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Encouraging Independence

Parenthood is a juggling act.


Quite literally from the moment these little ones join our lives, we’re juggling feeding them, comforting them, managing our own emotions, taking care of our needs, entertaining them, keeping them safe, working towards our personal goals, keeping an eye on “what’s next” for our kids...it’s a moving target to say the least.


And, while it’s true that at times it can feel like a bit much to manage, there are also moments of peace and happy rhythm.


As our children change and grow, so does how they interact with their world. One of the areas that can be easily overlooked - and honestly is often the key to finding more moments in the happy rhythm place...is INDEPENDENCE.


Take a moment to pause and consider where your child might be right now, today, in this moment in time.


Undoubtedly, your child has a myriad of skills that allow them to be more independent than they were even a few months ago. And while parents sometimes unwittingly discourage independence, children always find ways to charge forward towards doing the things they can. That is just the way they are wired. We parents are sometimes the ones who try to fiddle with that wiring!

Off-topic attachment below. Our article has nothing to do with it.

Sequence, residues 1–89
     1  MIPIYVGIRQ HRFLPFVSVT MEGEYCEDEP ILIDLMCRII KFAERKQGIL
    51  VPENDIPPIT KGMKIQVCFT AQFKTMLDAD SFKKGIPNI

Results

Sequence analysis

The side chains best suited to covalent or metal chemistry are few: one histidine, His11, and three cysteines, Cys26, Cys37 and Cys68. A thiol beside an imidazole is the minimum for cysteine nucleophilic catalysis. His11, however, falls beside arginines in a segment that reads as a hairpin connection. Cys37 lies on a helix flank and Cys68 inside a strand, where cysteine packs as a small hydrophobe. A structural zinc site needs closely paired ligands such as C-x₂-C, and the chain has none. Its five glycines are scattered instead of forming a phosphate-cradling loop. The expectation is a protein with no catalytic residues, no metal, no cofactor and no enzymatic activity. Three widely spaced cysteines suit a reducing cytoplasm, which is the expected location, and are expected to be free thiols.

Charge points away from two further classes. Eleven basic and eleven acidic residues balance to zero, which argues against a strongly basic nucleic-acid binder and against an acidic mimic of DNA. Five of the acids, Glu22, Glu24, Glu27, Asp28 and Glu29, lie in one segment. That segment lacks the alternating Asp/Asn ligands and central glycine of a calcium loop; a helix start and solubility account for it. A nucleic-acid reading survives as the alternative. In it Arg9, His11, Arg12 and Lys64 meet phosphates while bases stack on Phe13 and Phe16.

Independence skills are built into school settings naturally and out of necessity. Anyone in a big family will tell you, being able to take care of things yourself will save you a whole lot of waiting around time. The same is true at school. If you can get that jacket on with independence, you will be out on the playground faster. Win, win.


So what are some things we can encourage even our 3 year olds to do with independence?

  • Getting dressed (not necessarily independently choosing clothes, but putting them ON.)

  • Wiping their hands and mouth when needed.

  • Eating with utensils & drinking from an open cup.

  • Putting jacket on. Taking jacket off.

  • Hanging up jacket.

  • Putting on socks and shoes.

  • Putting laundry in a hamper.

  • Taking care of bathroom needs.

  • Bringing (unbreakable) cups and plates to the sink or counter.

  • Wash and dry hands.

  • Wipe up a small spill.

  • Clean-up simple toys (i.e. puzzle, game, play kitchen)

  • Play independently with a toy/game for 5-10 minutes

  • Look at/page through a book


Go ahead and see how many items on that list your young child can already do! Great job! Now turn your attention to tackling the rest of the list when your child is ready. By doing so, you are building their confidence in themselves and trust in you.


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